How Do I Keep My Cat Box From Smelling?

Having an unpleasant litter box odor is a common issue that many cat owners face. In fact, surveys have shown that 44% of cat owners report litter box odor as their biggest concern when it comes to their pet’s impact on home hygiene ( This pervasive problem can significantly affect the quality of life for both cats and their owners. Allowing litter box smells to persist can make a home seem unclean and unwelcoming. More importantly, it can cause cats to begin avoiding the litter box, resulting in inappropriate elimination and other undesirable behaviors. By learning the proper techniques for controlling odor, cat owners can maintain a fresh, pleasant environment and support their cat’s health and happiness.

Regular Scooping

Scooping your cat’s litter box regularly is one of the best ways to keep odors at bay. The general recommendation is to scoop solid waste from the litter box at least once per day. According to The Animal Rescue Site, some cats may stop using a litter box if it isn’t scooped often enough for their preferences.

If you don’t scoop the litter box frequently, urine and feces will accumulate and promote bacterial growth. This leads to much stronger odors. The longer waste sits in the litter box, the more concentrated and powerful the smell will become. For low maintenance odor control, make scooping a daily habit.

Litter Type

The type of cat litter you choose can have a big impact on controlling odors. Here are some of the most common options:

Clumping vs. Non-Clumping

Clumping litters form clumps when wet, binding the urine and stool into solid masses that are easy to scoop out. This helps remove odor-causing waste from the litter box. Popular brands include Tidy Cats and Arm & Hammer Clump & Seal.

Non-clumping litters do not form clumps, so urine and stool remain mixed in. You need to frequently replace the entire litter box contents to help control odors. However, some cats prefer the lightweight, fluffy texture of non-clumping litters.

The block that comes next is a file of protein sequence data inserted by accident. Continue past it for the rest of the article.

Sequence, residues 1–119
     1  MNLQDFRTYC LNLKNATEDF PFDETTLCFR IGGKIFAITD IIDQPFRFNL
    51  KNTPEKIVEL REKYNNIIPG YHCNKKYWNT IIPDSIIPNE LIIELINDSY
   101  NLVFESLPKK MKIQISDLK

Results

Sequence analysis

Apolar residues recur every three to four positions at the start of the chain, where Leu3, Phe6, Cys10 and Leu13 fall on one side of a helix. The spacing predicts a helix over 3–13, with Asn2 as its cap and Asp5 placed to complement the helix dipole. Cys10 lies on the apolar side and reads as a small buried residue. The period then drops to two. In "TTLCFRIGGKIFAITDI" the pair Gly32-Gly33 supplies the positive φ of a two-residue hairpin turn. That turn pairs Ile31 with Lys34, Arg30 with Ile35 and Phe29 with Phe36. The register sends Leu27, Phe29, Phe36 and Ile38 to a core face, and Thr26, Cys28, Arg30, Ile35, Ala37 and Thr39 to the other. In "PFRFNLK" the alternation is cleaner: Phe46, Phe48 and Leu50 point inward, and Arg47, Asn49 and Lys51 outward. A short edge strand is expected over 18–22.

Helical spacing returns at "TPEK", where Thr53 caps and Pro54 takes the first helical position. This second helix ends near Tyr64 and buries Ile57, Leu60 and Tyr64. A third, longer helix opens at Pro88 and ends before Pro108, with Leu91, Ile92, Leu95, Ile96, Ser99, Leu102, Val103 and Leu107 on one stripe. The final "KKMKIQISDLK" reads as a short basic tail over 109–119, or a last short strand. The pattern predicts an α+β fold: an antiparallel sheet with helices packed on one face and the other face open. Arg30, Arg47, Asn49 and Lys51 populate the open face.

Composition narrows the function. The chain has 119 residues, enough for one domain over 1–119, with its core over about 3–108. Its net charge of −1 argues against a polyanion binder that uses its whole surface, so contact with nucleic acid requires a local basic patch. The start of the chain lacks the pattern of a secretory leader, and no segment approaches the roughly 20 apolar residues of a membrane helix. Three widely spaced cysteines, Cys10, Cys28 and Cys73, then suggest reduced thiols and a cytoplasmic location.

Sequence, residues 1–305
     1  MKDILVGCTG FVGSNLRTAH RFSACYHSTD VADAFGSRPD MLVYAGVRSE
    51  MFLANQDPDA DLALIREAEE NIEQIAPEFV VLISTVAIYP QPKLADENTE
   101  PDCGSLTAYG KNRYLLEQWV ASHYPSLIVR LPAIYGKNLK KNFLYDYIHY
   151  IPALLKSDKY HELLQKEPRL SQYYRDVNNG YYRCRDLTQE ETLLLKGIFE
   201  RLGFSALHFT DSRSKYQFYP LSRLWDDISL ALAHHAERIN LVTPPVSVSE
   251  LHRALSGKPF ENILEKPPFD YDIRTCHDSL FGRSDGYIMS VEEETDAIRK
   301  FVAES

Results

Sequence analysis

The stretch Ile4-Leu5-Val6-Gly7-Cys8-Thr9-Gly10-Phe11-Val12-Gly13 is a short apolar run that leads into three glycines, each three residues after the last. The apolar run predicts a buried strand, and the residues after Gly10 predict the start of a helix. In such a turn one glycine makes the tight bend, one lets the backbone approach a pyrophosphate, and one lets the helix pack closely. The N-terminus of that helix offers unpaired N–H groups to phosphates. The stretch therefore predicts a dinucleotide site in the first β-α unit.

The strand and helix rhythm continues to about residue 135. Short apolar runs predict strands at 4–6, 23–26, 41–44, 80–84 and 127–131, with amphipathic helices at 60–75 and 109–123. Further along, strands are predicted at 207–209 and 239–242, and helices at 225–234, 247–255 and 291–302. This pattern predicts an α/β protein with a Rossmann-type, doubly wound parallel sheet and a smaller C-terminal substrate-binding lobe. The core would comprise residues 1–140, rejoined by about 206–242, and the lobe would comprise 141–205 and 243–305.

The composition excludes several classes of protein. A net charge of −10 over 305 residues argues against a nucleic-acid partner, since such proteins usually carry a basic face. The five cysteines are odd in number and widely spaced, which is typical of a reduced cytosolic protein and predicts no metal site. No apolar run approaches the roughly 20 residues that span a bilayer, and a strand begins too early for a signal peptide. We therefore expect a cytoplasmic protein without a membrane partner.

Alternative Litters

Alternative cat litters like pine, wheat, and corn may help control odors. Pine pellets in particular are very absorbent and help minimize smells. However, these often cost more than traditional clay litters. Some cats may also resist the different texture under their paws.

In general, clumping clay litters tend to be the most affordable and effective option for odor control. But you may need to experiment to find the right litter for your cat’s preferences.

Litter Box Size

When choosing a litter box, size matters. The general recommendation is to get a box that is at least 1.5 times the length of your cat, from nose to tail when fully stretched out. For example, if your cat is 18 inches long, you’ll want a litter box that is at least 27 inches in length (Petfinder).

Having an appropriately sized litter box is important, especially if you have multiple cats sharing the same box. A box that is too small increases the chance of waste ending up outside the box. Cats like to be able to dig, turn around, and move freely in their litter box. If the box is too cramped, they may refuse to use it or only use part of the box (Petco).